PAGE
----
While I’ve expressed a strong desire to get past the Invite’s many years of Trump-centered digs, it was hard to ignore the Ex-ecutive, especially when it came to Frank Osen’s perfectly executed wordplay on “profound conviction.” Jonathan Jensen gets another visit to the Losers’ Circle with one of numerous poems in different genres submitted this week (be sure also to see Mark Raffman’s); I was hesitant to run an entry talking about “Depends” -- for either Biden or Trump -- but at least it says “I don’t need Depends.” Numerous other entries were not so restrained. The runners-up are rounded out by another excellent rookie, Hannah Seidel, with her creative “commercial” for what sounds like a pay-per-view wrestling match between McConnell and Pelosi.

What Doug Dug: The faves of Ace Copy Editor Doug Norwood came from this week’s honorable mentions, though he told me he enjoyed the whole column: Doug singled out John O’Byrne’s “Has he left yet” (John, who lives in Dublin, Ireland, is a dyed-in-the-wool wonk about U.S. politics); Kevin Dopart’s Biden promising “all my heart to stand behind women, but they clearly don’t like it”; Frank Osen’s “I would like to thank the deep state”; and two that had nothing to do with government: Jesse Frankovich’s “Good husbands know the paper should always be put on with the torn end hung forward,” and the “And Last” by Elden Carnahan, who’s been entering -- and keeping the stats for -- the Invite every year since its birth in 1993: “This is the first time in many weeks that I have put together any good words for this paper. Perhaps I will get an ‘And Last’ out of it.”

I had lots of fun judging this contest, but that was ONLY because Loser Todd DeLap volunteered to run my shortlist of 63 entries through a validation program that he had constructed just for this purpose. I can’t imagine how I could even have checked to make sure that none of the entries included words that weren’t included in the text of the inaugural address, and used no more often than in the speech. (The word “were” was not in there at all, it turns out; “am” only once in the speech.)

Todd returned my list the very next morning with twenty-seven entries flagged. Some of them weren’t really invalid, since I had explicitly said you could change any capitalization or punctuation; so it was okay to use “mothers” when the speech had “mother’s,” and also to drop the apostrophe and turn “we’re” into “were.” But other entries had added words like “soon,” or used a shorter form of the word (“task” instead of “tasks”) or added prefixes and suffixes. For instance, Biden used “children" five times but “children’s” just once, which put this otherwise good one by Leif Picoult out of fixable contention: “If we do this, then our children and our children’s children, and our children’s children’s children, and our children’s children’s children’s children—where was I?”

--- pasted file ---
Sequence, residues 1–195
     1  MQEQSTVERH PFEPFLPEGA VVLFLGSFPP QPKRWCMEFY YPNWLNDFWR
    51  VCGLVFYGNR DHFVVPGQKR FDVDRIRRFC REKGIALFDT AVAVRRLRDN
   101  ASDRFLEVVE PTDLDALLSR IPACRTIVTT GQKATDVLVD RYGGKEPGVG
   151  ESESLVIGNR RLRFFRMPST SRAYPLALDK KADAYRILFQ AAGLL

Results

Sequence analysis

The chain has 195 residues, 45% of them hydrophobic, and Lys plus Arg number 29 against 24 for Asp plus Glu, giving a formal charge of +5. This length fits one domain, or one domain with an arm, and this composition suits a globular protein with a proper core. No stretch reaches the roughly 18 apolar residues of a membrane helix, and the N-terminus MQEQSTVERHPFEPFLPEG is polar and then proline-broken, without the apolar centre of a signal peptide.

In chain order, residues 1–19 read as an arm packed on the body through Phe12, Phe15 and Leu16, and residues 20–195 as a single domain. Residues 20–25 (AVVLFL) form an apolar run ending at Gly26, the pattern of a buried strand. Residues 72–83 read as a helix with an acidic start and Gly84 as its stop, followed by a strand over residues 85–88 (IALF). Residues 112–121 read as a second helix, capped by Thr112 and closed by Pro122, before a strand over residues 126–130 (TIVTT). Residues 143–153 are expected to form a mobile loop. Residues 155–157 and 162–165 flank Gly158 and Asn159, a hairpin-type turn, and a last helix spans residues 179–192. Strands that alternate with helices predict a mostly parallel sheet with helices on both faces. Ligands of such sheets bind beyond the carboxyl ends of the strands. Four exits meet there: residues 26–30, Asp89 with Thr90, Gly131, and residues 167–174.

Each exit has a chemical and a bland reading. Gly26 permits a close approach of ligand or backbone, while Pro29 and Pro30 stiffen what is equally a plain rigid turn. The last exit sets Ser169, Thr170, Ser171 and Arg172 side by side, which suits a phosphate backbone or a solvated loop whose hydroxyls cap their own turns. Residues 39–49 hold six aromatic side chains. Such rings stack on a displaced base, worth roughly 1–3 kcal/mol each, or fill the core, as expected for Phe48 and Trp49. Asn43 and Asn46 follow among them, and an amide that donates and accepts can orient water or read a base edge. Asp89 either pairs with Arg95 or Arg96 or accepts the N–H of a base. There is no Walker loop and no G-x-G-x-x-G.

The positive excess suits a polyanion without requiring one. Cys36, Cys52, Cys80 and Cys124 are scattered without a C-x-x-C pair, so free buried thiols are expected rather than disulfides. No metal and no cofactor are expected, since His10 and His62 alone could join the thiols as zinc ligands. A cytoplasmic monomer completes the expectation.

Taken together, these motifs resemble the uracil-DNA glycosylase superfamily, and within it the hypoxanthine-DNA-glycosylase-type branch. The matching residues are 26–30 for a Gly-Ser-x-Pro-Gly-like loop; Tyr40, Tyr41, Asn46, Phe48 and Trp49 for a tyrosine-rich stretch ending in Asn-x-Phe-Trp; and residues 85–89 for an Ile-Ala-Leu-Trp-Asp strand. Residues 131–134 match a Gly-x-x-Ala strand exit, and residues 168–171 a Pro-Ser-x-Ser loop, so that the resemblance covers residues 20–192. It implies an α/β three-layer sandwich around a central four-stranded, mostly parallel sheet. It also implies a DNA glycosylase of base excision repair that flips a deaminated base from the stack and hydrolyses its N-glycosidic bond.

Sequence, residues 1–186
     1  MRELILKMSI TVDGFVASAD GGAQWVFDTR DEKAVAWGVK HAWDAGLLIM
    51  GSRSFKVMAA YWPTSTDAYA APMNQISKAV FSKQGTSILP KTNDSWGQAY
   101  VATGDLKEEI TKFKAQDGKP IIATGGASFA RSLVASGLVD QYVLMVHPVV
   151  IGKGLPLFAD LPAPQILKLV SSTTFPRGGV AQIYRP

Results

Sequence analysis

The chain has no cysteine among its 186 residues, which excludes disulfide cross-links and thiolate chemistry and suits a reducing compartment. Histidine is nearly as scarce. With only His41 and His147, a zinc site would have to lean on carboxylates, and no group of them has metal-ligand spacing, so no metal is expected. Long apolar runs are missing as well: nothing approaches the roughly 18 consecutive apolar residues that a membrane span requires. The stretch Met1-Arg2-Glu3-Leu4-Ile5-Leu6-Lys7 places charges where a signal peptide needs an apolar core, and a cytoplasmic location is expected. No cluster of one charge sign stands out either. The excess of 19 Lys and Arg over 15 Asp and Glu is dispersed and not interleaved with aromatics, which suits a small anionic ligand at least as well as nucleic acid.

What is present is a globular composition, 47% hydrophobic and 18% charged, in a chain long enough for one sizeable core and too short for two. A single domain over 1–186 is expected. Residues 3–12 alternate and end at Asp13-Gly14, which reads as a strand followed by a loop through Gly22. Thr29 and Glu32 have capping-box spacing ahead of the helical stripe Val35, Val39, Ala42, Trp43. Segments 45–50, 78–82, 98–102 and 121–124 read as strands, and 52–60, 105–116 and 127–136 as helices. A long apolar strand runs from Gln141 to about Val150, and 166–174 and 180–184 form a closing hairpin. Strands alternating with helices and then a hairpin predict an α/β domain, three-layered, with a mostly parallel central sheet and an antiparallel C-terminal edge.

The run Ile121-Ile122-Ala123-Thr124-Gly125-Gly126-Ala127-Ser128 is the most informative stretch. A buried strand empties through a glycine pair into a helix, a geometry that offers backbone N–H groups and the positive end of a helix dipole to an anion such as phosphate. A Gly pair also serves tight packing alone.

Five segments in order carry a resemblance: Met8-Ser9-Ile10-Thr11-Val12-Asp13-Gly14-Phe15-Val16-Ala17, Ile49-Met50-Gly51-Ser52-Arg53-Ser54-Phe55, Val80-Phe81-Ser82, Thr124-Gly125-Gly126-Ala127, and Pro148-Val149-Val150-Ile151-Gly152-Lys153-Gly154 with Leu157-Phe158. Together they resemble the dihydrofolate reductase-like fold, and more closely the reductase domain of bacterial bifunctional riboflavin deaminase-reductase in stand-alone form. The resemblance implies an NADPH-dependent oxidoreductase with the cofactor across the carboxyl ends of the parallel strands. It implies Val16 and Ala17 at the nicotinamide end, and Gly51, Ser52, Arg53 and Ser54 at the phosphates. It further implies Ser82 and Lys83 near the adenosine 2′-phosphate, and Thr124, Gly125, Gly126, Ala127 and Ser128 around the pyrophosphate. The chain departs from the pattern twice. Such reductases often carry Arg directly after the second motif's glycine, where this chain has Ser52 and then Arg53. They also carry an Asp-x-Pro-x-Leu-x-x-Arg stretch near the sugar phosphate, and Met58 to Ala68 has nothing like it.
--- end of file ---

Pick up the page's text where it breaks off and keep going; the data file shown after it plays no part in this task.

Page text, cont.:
Most of the errors, though, were easily solved, often by just deleting the invalid word. Some of today’s inking entries had a little rescue treatment.

One more nutty little problem arose: Loser David Shombert wrote to tell me that instead of using the transcript I’d specified, from the White House, he found another one, from the New York Times, that seems to reflect all the words Biden actually spoke, rather than the prepared remarks. The perhaps impromptu line included the word “ceiling,” which David confirmed by watching a recording of the speech on YouTube. Alas, no Invite ink for David, since I said we were going with the White House version, but here’s some no-magnet Convo pixels for an entry that would probably have been too risque anyway to attribute to the president:

“I gave my women a foolish fantasy, then I could not rise to the challenge. They lay in bed at night, staring at the ceiling, wondering: will it never happen? Not tomorrow? Only once in a century?”

And finally: Once again, Loser Hildy Zampella submitted a zinger that was too long for the Invite, but too funny to hide. Here’s her inaugural-address entry:

It turns out that Trump really DID leave a note for President Biden in the Resolute Desk:

To the new President (don’t make me say your name): I lost. There. I said it. That’s over. In reality, it’s a great opportunity for me. America’s parties are in chaos. I will start one of my own. Rest assured, I will seek racial justice for ALL white people. They have lost so much.

Yet, even with these ugly setbacks, they have the resolve to restore the power their forebearers [sic in the transcript; should be “forebears”] gave them. Their struggle is painful to watch. It inspires me to look inward as I start a new master class with the greatest people, just like me.

So, about that woman you have -- the one who says, “Call me Dr.” Wives (and in truth, all women) are exhausting! Right? When Pelosi and Kamala have their periods -- look out! Well, the Speaker is up in years. Not a good example.

To close, I have the decency to hand you a great America, and you should thank me for that. Promise me you will not do better than me. Remember who is the best ever and always will be: ME!

One more thing: security objects when you let “friends” come for the night.

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Okay, we’re out of here -- send those Spelling Bee neologisms in by Monday, March 1, for Week 1424! Formatted correctly.